# Frequency of Spring-Mass System

JoVE Core
Physik
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JoVE Core Physik
Frequency of Spring-Mass System

### Nächstes Video15.6: Simple Harmonic Motion and Uniform Circular Motion

Consider a block of mass m connected to a horizontal spring, placed over a frictionless surface.

The net force on the block is the sum of the force due to its weight, the normal force, and the force due to the spring.

Since the weight and the normal force are of equal magnitude and opposite in direction, they cancel each other, and the net force becomes equal to the force due to the spring.

Here, the magnitude of force is proportional to the first power of displacement. Because of this, the spring-mass system is called a linear simple harmonic oscillator.

Using Newton's second law, the force can be expressed in terms of acceleration.

Substituting the expressions for acceleration and displacement, the equation for angular frequency is obtained.

The angular frequency is also defined as 2π over the period of oscillation.

Also, the inverse of the period is the frequency of oscillation.

A stiff spring produces rapid oscillations and a short period. In comparison, a heavy object tends to produce sluggish oscillations and a large period.

## Frequency of Spring-Mass System

One interesting characteristic of the simple harmonic motion (SHM) of an object attached to a spring is that the angular frequency, and the period and frequency of the motion, depend only on the mass and the force constant of the spring, and not on other factors such as the amplitude of the motion or initial conditions. We can use the equations of motion and Newton's second law to find the angular frequency, frequency, and period.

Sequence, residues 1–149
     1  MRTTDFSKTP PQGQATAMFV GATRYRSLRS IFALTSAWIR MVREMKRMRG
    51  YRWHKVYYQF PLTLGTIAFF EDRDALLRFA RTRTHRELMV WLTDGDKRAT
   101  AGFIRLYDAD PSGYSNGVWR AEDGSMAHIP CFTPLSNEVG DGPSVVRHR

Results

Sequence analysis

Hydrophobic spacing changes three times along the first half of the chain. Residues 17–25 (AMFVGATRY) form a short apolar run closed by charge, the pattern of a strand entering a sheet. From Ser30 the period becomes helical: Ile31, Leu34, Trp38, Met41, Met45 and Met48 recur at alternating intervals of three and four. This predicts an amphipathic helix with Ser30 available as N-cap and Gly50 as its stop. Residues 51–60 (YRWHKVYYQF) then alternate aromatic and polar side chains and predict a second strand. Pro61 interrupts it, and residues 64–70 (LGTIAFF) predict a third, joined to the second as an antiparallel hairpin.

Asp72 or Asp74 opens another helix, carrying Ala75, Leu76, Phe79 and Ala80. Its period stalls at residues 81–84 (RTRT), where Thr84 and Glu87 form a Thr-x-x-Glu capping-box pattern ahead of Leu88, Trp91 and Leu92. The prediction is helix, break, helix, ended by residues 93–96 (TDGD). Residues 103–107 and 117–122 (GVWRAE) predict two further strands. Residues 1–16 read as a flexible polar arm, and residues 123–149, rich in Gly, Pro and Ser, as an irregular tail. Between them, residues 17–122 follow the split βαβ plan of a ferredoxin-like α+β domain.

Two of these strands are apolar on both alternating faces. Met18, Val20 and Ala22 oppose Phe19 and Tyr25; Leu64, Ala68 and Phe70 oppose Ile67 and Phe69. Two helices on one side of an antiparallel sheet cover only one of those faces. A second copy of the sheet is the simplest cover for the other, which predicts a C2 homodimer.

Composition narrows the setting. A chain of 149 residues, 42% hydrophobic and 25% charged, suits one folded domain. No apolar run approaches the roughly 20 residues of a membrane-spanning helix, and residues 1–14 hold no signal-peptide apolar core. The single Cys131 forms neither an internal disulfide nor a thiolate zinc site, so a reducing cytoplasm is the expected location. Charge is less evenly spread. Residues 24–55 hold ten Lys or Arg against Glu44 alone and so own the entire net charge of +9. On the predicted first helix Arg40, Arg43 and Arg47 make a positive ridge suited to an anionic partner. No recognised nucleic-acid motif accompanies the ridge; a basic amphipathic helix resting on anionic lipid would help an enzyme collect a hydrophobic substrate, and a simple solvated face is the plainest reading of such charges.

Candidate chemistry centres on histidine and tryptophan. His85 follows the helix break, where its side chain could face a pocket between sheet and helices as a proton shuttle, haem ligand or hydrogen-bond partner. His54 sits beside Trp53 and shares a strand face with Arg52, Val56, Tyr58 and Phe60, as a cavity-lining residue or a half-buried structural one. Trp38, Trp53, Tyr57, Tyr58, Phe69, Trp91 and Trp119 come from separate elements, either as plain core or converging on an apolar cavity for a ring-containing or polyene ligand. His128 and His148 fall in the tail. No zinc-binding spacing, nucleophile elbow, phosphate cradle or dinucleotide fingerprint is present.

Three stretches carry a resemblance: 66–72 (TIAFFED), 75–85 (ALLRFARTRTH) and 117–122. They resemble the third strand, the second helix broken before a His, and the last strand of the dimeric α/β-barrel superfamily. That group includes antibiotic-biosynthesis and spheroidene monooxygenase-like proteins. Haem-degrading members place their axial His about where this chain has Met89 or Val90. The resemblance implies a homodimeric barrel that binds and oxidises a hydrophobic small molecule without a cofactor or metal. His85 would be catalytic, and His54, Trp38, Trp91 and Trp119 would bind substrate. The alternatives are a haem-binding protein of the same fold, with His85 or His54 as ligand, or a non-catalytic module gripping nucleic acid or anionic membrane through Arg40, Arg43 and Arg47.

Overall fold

Consider a block on a spring on a frictionless surface. There are three forces on the mass: the weight, the normal force, and the force due to the spring. The only two forces that act perpendicular to the surface are the weight and the normal force, which have equal magnitudes and opposite directions; as a result, their sum is zero. The only force that acts parallel to the surface is the force due to the spring, so the net force must be equal to the force of the spring.

According to Hooke's law, as long as the forces and deformations are small enough, the magnitude of the spring force is proportional to the first power of displacement. Because of this, the spring-mass system is called a linear simple harmonic oscillator.

Substituting the expressions for acceleration and displacement in Newton's second law, the equation for angular frequency can be obtained.

The angular frequency depends only on the force constant and the mass, not the amplitude. It is also related with the period of oscillation using the given relation:

The period also depends only on the mass and the force constant. The greater the mass, the longer the period. The stiffer the spring, the shorter the period. The frequency is